A way to handle this is that we are playing the role of the OEM vendor and do the install of a Windows 10 signature edition on the existing Windows 7 devices, gathering Autopilot information, and let Windows 10 start in the Out of Box Experience (OOBE) again for user enrollment. Depending what is available we can use ConfigMgr or MDT for this. My example uses MDT.
Now imagine a situation where a rollout team is preparing a lot of machines. We would end up in a lot of .csv files on different devices. To make this a little easier for IT to import the hardware information of new devices into the Autopilot service, we build up the following logic:
Device can be delivered to the end user like it where shipped by the OEM vendor
I’ve still chosen the copy via AzCopy of individual .csv files to the Azure Blob Storage approach as we can then limit the access quite well via shared access signature and we can easily limit permission to write blob objects only. No need to provide credentials or Blob Storage keys on the client side. Sure, we could build up a more advanced HTTP endpoint to gather device information, but this approach is quick and simple. I’m pretty sure that the complete solution of this automation task is something which we do not need in future when devices are Windows 10 migrated and we then buy Autopilot ready hardware only.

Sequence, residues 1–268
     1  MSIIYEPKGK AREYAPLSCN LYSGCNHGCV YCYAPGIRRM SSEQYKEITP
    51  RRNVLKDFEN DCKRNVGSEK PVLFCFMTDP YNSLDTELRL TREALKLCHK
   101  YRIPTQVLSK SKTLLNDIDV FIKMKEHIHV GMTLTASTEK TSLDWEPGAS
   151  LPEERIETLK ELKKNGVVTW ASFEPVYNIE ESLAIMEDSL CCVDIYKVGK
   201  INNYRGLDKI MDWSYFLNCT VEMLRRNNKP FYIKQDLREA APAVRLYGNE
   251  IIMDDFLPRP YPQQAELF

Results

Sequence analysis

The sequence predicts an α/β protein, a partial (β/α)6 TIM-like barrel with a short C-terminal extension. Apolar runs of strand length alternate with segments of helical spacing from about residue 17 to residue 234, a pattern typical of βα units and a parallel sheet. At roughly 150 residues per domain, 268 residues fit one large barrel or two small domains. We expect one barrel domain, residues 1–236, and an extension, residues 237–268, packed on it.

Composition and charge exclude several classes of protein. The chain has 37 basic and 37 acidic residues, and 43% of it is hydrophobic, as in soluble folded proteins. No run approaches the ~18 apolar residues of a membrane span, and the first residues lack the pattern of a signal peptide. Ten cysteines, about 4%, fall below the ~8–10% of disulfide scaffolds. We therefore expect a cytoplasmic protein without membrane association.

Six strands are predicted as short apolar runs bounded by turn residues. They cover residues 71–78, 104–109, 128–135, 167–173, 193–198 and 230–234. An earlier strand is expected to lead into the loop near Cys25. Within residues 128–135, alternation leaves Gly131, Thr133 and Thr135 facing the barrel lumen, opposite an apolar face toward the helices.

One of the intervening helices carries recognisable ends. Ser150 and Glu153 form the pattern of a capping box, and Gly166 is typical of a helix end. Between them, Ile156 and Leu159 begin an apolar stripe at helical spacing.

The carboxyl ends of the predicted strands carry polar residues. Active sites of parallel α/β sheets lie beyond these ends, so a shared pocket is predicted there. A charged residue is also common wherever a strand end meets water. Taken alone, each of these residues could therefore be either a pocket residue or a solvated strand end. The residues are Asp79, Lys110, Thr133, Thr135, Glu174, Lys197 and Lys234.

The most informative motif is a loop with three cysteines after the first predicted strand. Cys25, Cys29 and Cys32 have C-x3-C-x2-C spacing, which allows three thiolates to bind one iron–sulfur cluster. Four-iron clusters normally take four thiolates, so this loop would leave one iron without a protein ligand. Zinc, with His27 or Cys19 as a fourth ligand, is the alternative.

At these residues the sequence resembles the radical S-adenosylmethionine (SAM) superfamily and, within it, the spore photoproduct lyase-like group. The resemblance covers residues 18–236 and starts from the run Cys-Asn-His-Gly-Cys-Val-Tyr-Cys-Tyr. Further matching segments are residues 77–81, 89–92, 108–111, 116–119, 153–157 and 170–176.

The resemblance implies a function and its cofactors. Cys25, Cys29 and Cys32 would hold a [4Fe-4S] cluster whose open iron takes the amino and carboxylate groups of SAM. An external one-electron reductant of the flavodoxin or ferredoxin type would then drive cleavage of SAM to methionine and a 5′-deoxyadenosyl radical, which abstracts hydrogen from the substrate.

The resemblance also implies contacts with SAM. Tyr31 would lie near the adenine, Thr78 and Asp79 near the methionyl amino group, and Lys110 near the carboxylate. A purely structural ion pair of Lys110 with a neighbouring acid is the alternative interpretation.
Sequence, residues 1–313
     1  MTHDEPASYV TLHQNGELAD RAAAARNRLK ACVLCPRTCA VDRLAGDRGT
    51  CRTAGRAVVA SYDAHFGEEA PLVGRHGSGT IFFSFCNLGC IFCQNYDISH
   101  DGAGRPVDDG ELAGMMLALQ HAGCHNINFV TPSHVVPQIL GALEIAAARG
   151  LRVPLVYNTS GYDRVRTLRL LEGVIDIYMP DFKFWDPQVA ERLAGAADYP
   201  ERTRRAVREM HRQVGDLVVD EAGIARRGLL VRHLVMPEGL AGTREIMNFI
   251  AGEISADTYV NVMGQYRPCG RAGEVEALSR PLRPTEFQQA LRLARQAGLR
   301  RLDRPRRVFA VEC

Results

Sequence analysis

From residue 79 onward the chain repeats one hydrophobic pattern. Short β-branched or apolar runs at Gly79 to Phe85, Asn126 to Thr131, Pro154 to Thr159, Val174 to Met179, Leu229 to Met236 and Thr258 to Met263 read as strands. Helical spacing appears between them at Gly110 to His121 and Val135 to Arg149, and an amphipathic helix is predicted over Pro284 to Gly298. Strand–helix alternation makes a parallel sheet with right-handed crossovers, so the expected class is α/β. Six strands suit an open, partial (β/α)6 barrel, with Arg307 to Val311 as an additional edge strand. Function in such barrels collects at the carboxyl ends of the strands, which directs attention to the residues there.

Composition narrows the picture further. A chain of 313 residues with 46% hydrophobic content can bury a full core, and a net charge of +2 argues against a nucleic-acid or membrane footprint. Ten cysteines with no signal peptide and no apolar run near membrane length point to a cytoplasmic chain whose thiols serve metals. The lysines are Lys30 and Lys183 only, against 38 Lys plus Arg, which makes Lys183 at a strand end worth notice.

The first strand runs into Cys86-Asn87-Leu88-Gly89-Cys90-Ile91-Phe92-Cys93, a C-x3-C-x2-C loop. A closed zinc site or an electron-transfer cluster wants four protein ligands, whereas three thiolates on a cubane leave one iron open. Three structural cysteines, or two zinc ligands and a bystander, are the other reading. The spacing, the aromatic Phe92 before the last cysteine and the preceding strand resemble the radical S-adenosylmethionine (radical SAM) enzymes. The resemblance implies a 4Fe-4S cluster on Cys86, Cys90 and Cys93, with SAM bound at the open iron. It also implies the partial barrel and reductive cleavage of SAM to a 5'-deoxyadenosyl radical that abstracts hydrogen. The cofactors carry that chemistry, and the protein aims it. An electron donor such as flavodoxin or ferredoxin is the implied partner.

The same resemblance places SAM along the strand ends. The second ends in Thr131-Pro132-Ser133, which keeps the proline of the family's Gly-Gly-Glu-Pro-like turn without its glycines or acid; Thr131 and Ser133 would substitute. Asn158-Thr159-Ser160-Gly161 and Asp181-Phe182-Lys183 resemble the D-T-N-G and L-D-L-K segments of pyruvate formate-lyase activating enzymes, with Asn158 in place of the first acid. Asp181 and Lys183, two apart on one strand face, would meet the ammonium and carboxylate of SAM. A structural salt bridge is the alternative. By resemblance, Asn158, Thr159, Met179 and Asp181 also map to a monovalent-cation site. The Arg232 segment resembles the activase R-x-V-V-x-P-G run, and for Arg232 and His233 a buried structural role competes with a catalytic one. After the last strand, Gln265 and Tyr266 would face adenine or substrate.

Guide to build the new solution
The Autopilot Graph API is an API with focus on batch processing. This means we import new device information into a kind of staging area and Windows Autopilot service will pick up the new device information and starts importing it. This process varies in the amount of time it takes and we have to check the status of all devices to get the import result. As soon as the devices are processed we can clean up the staging area and the import is done. Normally we would do this by wrapping the Graph API calls (REST) into some PowerShell functions and build the logic for the described process. Luckily Microsoft released a new PowerShell Module WindowsAutoPilotIntune (thx to @mniehaus) based on the Graph API to import new AutoPilot information into Intune.